In 2007, Rosella Vasta created The Table of Silence as a traveling installation meant to inspire peace and unity within the international community. Vasta built a "sculptural table" consisting of 100 white plates, with the intention of reminding the viewer that we are all invited guests at the same table. Inspired by Vasta's work, Jacqulyn Buglisi, former principal dancer of the Martha Graham company choreographed The Table of Silence Project 9/11 in 2011 to commemorate the tenth anniversary of the attacks. This is the fourth year that Buglisi's piece has been performed at the Josie Robertson Plaza at Lincoln Center. The performing company consisted of over one hundred dancers of varying ages as well as students and performers from the Buglisi Dance Theatre, The Juilliard School, and The Ailey School. Each dancer held a white plate created by Vasta. The company was accompanied by three flutists (Andrea Ceccomori, Mariano Gil, and John Ragusa), two percussionists (Jeremy Smith and Sam Budish), and three vocalists (Amanda Baisinger, Gizelxanath, and Carla Lopez-Speziale). This initiative has been also hosted this summer in Italy. Ms. Buglisi shared her gratitude to all participants and supporters with following words:

 

"We have achieved this awe-inspiring Ritual Performance because of the ardent commitment, love, positive energy, and generosity of spirit you brought each day, and I embrace all of you for your unwavering belief in peace through art. I hope you will continue to be a part of the Table of Silence and join us for future workshops and performances. Touching the earth... from the sole of our foot to the soul of the earth...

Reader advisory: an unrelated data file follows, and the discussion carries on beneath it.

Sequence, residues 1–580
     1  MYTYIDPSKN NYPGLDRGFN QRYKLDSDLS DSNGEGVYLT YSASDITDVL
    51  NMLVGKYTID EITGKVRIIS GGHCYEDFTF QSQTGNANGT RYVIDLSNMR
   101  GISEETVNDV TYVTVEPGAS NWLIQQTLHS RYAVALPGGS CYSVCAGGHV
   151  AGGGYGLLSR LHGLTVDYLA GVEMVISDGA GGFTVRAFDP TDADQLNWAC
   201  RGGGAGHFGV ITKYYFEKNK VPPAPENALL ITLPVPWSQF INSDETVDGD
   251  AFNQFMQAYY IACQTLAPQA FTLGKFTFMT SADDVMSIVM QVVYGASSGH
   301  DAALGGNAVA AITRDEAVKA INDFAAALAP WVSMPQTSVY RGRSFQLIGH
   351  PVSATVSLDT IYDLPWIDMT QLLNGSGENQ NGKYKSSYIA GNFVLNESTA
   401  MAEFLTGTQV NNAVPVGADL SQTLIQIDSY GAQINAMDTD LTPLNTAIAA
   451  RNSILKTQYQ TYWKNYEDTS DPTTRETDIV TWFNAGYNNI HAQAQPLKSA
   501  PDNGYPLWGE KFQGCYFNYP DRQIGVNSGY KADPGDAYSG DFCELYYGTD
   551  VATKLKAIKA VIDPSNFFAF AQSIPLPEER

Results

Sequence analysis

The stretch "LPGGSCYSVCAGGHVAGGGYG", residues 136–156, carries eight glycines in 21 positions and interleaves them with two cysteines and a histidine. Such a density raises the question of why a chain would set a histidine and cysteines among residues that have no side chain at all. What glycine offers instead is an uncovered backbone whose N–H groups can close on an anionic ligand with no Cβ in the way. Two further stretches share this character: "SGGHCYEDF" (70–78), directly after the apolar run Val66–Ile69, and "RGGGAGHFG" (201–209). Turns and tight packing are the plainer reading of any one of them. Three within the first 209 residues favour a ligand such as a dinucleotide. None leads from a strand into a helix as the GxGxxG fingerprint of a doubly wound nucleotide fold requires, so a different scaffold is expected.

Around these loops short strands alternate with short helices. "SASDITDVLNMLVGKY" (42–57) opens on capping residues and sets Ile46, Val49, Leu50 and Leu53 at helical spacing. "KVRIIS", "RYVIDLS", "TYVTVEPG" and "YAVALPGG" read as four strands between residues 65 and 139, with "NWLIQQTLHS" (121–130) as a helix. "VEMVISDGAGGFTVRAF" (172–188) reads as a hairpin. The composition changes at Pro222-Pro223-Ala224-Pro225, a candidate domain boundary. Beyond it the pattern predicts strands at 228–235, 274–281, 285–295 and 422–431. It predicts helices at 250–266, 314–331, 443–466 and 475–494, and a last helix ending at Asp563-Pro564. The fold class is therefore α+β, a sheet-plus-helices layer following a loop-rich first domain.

One step at a time, we shall change the world..."

 

One remarkable example about dancers as cultural ambassadors, founded by program Dance Motion USA is delivered by the Battery dance company from NYC which performances are characterized by choreography and music inspired by worldwide sources, reflecting American society and its multiplicity of cultures, and is committed to promoting socially relevant arts programs.

Since 1992, Battery Dance Company has facilitated a dynamic cultural exchange with international artists. In this context, the Company has organized over 10 U.S. tours by prominent performers from India; and in New York City, has hosted dance companies from Poland, Hungary, Finland, Slovakia, Bermuda, Sri Lanka, and Malaysia. Battery Dance Company has also hosted hundreds of individual international artists, providing access to the New York City arts community, training in arts management, and first-hand experience in American values and principles. Also, the Dancing to Connect program has been implemented in 25 countries and territories throughout the world since 2006. Battery Dance Company plans on expanding to 50 countries by 2017. The Dancing to Connect Program has been generously sponsored worldwide by the U.S. Department of State, Bureau of Educational and Cultural Affairs, African Regional Services, and dozens of U.S. Embassies and Consulates. Additional support has been provided by hundreds of corporations, NGOs, and international organizations on the local level.